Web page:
Workspace ONE and Chromebook Integration

I have been spending the last few weeks trying to perfect a new fringe technology from our friends at VMware with Chromebook Management. It’s certainly an interesting experience to share. It makes a ton of sense that it is picking up so much speed on the education side because it’s incredibly challenging to make the magic happen. Let’s walk through the setup on both ends and share some of the good and the bad.

Why Chromebooks?

I think we often ask a simple question whenever analyzing a new technology: WHY OH WHY?! Chromebooks buy you a few nice things overall: (1) Simplicity and (2) Cost Savings. We typically see Chromebooks in the education space but it is picking up speed elsewhere. On average you can spend roughly $200-$500 for a Chromebook with some super high end versions that are just over $1k. Some of the types of people that I think Chromebooks have value for are:

  • Non-technical people
  • Older People
  • Education
  • Shared Devices
  • Developers or other potential VDI use cases

Setting up your ChromeOS Integration

The hardest part about the entire thing is getting the Chrome Administrator Portal ready to go. We will go through setting up the API, Google Console, and UEM Console.

Setting up API Access for Chrome Enterprise

We start by going to the Google Developer Console and setting up the API access, which is a bit challenging overall but the documentation on setting this up isn’t super strong. I figured out by slapping various random things together. Below, you will see a video walkthrough on setting things up on the Developer Console.

Configuring the ChromeOS Console for Workspace ONE Integration

Once you have set everything up, you will be ready to start configuring the Chrome console side, which will be mostly painless. We can look more at the video to show how to setup the OAuth scopes and such.

As promised, below you will find a list of the OAuth scopes that you need for this to work correctly:

https://www.googleapis.com/auth/admin.directory.user.readonly
https://www.googleapis.com/auth/admin.directory.user.alias.readonly
https://www.googleapis.com/auth/admin.directory.user.alias
https://www.googleapis.com/auth/admin.directory.user
https://www.googleapis.com/auth/admin.directory.group.readonly
https://www.googleapis.com/auth/admin.directory.group.member.readonly
https://www.googleapis.com/auth/admin.directory.group.member
https://www.googleapis.com/auth/admin.directory.group

I found a few articles are particularly helpful if you need additional references on getting the integration setup:

Configuring the Workspace ONE UEM Integration

The setup is pretty easy so I won’t do any sort of video, but just explain it quickly. The main key is that you can only do it from the top of your WS1 UEM environment. You simply go to Devices & Users > Chrome OS > Chrome OS EMM Registration and input your domain and Google admin email address and click “Register with Google:

Register to manage Chrome devices with Google device management

That brings you to a Google login, which will give you an authorization code that you put in and authorize to complete your integration.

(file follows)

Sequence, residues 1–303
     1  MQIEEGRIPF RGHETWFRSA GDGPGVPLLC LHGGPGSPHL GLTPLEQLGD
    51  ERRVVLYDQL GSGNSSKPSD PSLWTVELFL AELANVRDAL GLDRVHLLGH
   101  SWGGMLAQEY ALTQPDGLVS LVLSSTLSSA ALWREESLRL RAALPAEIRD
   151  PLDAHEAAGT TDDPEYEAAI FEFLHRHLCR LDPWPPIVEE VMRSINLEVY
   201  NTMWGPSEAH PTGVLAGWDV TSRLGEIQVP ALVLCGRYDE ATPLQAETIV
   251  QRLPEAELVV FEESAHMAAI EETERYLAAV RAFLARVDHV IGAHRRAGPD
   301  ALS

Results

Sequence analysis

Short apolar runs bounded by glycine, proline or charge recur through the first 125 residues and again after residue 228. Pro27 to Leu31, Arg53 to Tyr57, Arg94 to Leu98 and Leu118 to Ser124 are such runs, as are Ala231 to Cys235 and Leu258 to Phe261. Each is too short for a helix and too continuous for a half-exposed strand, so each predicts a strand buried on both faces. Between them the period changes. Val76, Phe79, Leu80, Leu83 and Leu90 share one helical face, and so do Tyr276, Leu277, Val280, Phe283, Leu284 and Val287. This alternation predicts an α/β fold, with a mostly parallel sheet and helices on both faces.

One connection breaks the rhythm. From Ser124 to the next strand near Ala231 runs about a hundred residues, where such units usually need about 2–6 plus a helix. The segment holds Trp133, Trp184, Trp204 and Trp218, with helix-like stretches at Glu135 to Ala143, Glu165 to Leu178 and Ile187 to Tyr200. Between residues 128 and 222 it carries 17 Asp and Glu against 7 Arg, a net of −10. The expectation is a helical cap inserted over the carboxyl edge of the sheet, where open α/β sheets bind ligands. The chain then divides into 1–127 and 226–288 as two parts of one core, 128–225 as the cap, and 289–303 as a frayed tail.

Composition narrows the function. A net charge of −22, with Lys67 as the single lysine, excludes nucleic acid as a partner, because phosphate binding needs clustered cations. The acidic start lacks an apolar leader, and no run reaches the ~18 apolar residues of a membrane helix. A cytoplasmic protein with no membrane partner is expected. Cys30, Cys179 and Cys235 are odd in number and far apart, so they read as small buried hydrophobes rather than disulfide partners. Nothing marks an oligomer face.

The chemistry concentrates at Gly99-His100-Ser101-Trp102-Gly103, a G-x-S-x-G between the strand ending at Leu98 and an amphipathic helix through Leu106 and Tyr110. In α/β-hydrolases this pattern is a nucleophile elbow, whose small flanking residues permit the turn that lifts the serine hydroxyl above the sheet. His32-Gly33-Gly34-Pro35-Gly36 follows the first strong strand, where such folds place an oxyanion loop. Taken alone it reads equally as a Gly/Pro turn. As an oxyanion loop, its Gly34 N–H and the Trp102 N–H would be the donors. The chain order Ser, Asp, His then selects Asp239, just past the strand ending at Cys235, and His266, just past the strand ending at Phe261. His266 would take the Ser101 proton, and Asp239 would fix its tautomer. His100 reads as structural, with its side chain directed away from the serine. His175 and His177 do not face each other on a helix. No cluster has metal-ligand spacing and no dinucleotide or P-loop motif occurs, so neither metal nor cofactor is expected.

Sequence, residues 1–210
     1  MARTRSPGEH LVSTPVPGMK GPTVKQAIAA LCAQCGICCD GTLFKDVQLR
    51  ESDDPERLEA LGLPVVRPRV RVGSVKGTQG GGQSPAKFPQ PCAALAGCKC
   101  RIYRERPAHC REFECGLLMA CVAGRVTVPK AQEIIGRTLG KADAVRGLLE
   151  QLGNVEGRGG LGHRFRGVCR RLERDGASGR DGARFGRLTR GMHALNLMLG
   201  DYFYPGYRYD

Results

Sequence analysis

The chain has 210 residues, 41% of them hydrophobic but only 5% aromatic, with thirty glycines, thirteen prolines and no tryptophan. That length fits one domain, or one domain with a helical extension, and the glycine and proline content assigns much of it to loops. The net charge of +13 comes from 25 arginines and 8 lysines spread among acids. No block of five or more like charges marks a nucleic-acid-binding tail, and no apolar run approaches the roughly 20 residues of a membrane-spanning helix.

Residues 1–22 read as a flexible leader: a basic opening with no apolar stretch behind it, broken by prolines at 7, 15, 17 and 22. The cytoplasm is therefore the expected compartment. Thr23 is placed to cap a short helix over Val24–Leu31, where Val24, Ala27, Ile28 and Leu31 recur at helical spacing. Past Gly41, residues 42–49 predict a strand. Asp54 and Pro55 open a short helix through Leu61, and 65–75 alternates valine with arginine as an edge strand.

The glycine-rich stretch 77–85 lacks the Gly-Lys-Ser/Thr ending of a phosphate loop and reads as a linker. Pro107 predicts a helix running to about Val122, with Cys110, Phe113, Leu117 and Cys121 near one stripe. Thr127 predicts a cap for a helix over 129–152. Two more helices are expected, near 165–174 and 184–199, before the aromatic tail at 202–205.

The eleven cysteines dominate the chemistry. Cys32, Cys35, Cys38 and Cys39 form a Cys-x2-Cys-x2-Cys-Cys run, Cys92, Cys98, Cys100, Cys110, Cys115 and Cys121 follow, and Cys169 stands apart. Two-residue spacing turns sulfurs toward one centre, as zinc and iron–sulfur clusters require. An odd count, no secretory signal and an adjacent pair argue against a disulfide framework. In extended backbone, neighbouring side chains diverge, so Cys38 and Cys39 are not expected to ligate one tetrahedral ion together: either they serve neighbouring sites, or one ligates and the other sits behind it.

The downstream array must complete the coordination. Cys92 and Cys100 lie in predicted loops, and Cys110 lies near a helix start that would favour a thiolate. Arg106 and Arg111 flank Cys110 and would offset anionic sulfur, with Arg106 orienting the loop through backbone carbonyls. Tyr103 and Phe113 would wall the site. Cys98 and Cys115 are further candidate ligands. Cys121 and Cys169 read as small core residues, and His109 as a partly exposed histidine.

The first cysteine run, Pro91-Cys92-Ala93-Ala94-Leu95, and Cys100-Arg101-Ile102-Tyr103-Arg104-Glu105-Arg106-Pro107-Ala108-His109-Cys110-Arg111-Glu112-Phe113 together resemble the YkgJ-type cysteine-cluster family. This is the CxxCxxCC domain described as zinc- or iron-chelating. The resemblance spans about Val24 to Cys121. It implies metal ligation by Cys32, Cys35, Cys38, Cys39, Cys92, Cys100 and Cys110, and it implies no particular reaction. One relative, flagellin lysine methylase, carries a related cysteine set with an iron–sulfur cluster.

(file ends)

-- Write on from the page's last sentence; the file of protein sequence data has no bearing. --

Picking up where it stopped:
Chromebook Mass Deployment

Chromebook mass deployment strategies deserve some major discussion because it’s pretty challenging. As you can read about here, you have several ways of deploying Chromebooks essentially using technologies that tap the keys for you. I will highlight the top two and give you a script to make the magic happen.

USB Rubber Ducky Deployment for Chromebooks

The USB Rubber Ducky is a very user-friendly product. The main issue is that they cost $50 a piece, which means you are talking about roughly $500 of USB sticks for deploying your devices. The main benefit and why its the gold standard is the code is relatively easy to write. The commands are VERY pseudocode-like.

You can access my working code for Chrome 85, which presumes a Workspace ONE UEM deployment using Workspace ONE Access. You can find that code here. An example of what ducky looks like can be seen below.

DELAY 1000

ALT-SHIFT S

DELAY 1000

TAB

TAB

TAB

I also suggest watching the video that I made showing what a Rubber Ducky deployment looks like.


Centipede Deployment for Chromebooks

Personally, I find Centipede to be a bit more palatable since they’re $10 per USB stick, but the challenge is that the code is much more challenging to write. You will find a functional Centipede script here for Chrome 85, but as you will see below the code can be a bit tricky.

void setup()

{

  setPrescaler(); // Set prescaler to highest clock speed

  Keyboard.begin(); // Start they keyboard emulator

  pinMode(buttonPin, INPUT);  // Set up the debugging pin. If you want to debug the code, use a length of wire to connect pins 2 and GND on the board

  digitalWrite(buttonPin, HIGH);

 

  pinMode(RXLED, OUTPUT); // Configure the on-board LED

  digitalWrite(RXLED, LOW);

  TXLED1;

  if (digitalRead(buttonPin) == 0) {

    showSuccess();

  }

  wait(5); // Wait for all services to finish loading

}

A few other things that I love about Centipede is that it supports variables, which is VERY helpful and it has some built-in functions to nuke your staging Wi-Fi settings to name a few. The main problem is your admins are going to likely struggle keeping the code updated with iterations of Chrome thus creating a support headache.

Final Thoughts

Some things that we don’t touch on a ton is the supportability of ChromeOS via Workspace ONE UEM. It’s a challenge considering when you create profiles it’s actually just sending API commands to the Google APIs. It’s great to have a single-pane-of-glass approach to your device fleet, but there is much lacking today. You can build some great user experiences with the right combination of process and technology making Chromebooks a viable option at your organization.

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